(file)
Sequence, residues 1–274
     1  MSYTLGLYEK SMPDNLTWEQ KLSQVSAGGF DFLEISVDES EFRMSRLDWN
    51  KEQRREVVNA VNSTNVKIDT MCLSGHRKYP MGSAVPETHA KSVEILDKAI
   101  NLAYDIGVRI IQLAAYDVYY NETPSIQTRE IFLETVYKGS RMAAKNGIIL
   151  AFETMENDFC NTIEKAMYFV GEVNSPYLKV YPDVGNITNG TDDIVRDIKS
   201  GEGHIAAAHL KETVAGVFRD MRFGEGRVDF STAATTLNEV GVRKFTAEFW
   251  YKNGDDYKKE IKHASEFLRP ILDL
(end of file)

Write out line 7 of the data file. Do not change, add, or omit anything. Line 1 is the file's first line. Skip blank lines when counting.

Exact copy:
   251  YKNGDDYKKE IKHASEFLRP ILDL